Though rather difficult, this particular hike is a treasure trove into the glacier-formed valley. Consider taking a long day hike or leisurely overnighter, starting at the panoramic Tunnel View and threading your way to the awe inspiring Glacier Point. Because this pathway reveals vantage points at the Fissures—a series of deep granite gashes into Profile Cliff—as well as vistas from Taft Point, you’ll experience some of the park’s lesser known views, of equal beauty to well-known overlooks.

Distance and Trailheads: From CA 120 E, you’ll turn left at CA 140 E and follow the road for nearly two and a half miles. The parking and trailhead are on your right, just passed the east end of the Wawona Tunnel. Unfortunately parking and transportation can be difficult, so it’s best to do your research ahead of time. Buses leave from Yosemite Lodge at 8:30 a.m., 10 a.m., or 1:30 p.m. The driver then spends a half and hour or so at the Point before returning to the lodge. Tickets prices vary, so call the Yosemite Lodge Tour Desk for reservations and inquiries: 209-372-1240.

Tips: The best time to go is whenever the Glacier Point Road is open, which is typically between mid-May and early November. Waterfalls are best in the spring and early summer, during the area’s heavy rainfalls. However, always be aware of snow, which can cause navigational issues at any time of year. It can be packed at the Glacier Point and Tunnel View endpoints, as well as fairly crowded at Sentinel Dome and Taft Point.

4. Cathedral Lakes

Morning light from Cathedral Beach in Yosemite National Park.
Morning light from Cathedral Beach in Yosemite National Park.

Todd Petrie

Follow the gradual incline to Upper Cathedral Lake. Near the top, you’ll pass a spur trail to Lower Cathedral Lake, just a half mile away. The return hike follows the same trail, which is arguably the busiest within the Tuolumne Meadows area.

Relatively easy and less crowded in comparison to other trails in Yosemite, this seven-mile out-and-back along the John Muir Trail offers incredible scenery, passing through the Tuolumne Meadows. With breaks in the forest, you’ll see the impressive Cathedral Peak—a 10,900-foot granite dome that towers above, as well as the High Sierra lakes and Echo and Tesidder Peaks. There are a few moderate climbs, but for the most part the trek is fairly flat. Shady forests will surround you before you reach the large Tuolumne Meadows, with its blooming wildflowers and open 360 views of the area’s beauty.

Hikes around Tuolumne Meadows, located off of Tioga Road, are among the most popular in the region, so be prepared for crowds. As part of the JMT, the trail to Cathedral Lake is a backpacking pathway, meaning that you’ll most likely share the route with several other hikers. However, masses here are not even close to the tourist numbers you’ll find in the Yosemite Valley.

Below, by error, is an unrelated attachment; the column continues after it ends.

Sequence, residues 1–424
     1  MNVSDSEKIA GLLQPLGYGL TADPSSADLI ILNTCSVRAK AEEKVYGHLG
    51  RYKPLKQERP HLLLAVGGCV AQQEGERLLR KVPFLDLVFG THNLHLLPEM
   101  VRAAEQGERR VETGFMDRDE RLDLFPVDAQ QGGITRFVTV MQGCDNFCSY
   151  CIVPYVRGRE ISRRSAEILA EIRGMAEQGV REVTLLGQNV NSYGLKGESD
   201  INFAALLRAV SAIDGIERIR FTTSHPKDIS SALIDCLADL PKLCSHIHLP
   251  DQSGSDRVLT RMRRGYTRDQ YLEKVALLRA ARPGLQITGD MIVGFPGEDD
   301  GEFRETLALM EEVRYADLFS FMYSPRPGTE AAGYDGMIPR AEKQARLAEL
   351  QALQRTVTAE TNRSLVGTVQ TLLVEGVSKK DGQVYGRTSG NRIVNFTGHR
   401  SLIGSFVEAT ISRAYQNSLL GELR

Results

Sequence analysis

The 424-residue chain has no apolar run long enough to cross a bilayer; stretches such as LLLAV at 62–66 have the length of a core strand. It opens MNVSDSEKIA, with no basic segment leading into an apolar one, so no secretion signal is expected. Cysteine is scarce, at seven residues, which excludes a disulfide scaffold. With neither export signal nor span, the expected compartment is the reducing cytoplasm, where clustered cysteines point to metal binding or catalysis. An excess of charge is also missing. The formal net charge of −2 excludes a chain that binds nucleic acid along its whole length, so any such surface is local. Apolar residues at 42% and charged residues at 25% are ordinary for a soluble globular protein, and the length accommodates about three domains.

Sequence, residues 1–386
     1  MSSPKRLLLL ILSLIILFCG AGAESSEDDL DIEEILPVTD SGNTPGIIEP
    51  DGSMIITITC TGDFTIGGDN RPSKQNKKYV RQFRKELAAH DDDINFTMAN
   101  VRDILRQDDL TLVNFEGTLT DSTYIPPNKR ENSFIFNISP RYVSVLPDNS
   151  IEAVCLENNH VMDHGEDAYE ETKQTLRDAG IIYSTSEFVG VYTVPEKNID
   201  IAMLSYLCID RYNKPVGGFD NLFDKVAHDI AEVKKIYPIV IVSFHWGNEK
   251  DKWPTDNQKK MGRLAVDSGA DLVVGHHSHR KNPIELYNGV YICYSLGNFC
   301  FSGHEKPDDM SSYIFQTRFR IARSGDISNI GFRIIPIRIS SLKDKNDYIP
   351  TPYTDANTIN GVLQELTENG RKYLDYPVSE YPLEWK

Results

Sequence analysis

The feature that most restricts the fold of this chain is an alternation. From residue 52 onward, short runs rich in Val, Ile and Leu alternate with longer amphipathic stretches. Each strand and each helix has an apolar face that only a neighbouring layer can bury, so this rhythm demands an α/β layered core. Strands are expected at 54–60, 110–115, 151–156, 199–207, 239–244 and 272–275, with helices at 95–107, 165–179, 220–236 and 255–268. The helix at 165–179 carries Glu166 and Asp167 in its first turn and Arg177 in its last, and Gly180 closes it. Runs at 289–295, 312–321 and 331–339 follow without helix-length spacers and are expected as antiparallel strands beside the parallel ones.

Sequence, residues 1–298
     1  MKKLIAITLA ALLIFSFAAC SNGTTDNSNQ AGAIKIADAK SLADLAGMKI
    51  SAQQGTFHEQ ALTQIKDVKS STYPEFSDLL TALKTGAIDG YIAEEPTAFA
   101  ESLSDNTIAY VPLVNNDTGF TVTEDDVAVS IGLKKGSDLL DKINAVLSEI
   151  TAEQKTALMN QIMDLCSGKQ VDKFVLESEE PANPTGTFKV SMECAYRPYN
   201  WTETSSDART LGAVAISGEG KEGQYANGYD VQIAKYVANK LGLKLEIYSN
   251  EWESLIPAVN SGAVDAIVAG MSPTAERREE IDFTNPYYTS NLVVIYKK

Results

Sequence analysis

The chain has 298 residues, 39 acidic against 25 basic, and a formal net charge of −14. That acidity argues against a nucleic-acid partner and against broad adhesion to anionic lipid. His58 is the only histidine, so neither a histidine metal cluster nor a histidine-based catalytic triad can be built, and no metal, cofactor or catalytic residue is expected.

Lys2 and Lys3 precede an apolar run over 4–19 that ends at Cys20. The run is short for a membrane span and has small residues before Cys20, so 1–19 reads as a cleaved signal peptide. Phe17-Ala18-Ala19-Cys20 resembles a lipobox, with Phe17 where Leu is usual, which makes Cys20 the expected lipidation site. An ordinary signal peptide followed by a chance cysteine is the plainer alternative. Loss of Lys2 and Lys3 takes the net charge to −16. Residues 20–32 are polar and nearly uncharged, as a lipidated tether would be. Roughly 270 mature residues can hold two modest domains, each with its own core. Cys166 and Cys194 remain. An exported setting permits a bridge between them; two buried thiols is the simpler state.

Distance and Trailheads: This seven-mile journey gains about 1,000 feet in elevation, starting from the Cathedral Lakes Trailhead, just a half mile west of the Tuolumne Meadow Visitor Center, at Shuttle Stop #7. From the Yosemite Valley floor, take Tioga Road and drive towards the Tuolumne Meadows. The trailhead marker is directly across the street from the meadows.

Tips: Parking at the trailhead is limited, so like most of the access recommendations, we suggest taking the free shuttle bus.

5. Cloud’s Rest

Half Dome as seen from the Cloud's Rest perch
Half Dome as seen from the Cloud’s Rest perch

Esther Lee

Offering panoramic vistas over Yosemite’s most stunning landmarks, this hike is fairly strenuous, with thousand-foot switchback gains that expand a mile or more. With awe-striking views in every direction, you’ll see a number of landmarks, including Teneva Lake, Half Dome, Mt. Hoffman, and more. You may even catch a glimpse of Cathedral Rocks and El Capitan. This is one of Yosemite’s best hikes, in terms of infinite 360 panoramas…including straight down. (If you’re afraid of heights, this may not be your best option.) Though semi-strenuous, this particular trek is less difficult than that of Half Dome (and way less crowded).

Distance and Trailheads: This 14.5-mile round-trip gains 1,775 feet in elevation. Located off the Tioga Road, the trailhead is at the west end of Teneva Lake, 31 miles from the Tioga Road’s western end point at Crane Flat and 16 miles from Yosemite’s eastern entrance at Tioga Pass.

Tips: Because Tioga Road itself is only open between June and October, you’ll only be able to visit during those summer and early autumn months. When you see snow on the mountain, or there are expected thunderstorms, it’s best avoided. Low clouds of any variety can envelop you in a discombobulating fog, muddling your views. It’s no secret how Cloud’s Rest got its name.

6. Southern Yosemite, Mariposa Grove

Among the Giant sequoias in Mariposa Grove
Among the Giant sequoias in Mariposa Grove

brian washburn

This Yosemite classic is home to hundreds of one of the park’s most famous features: Giant sequoias. The biggest sequoia grove in all of Yosemite, this segment of the park hosts a mass population of these handsome beasts, including the well-known 1,800-year old “Grizzly Giant”; the Fallen Monarch—the first massive tree you’ll pass, dead and fallen to the ground; a quartet of sequoias called “The Bachelor and Three Graces”; and the famed California Tunnel Tree, a manmade tunnel drilled through a still-living sequoia, which was originally dug out to benefit tourist stagecoaches in the late 1890s.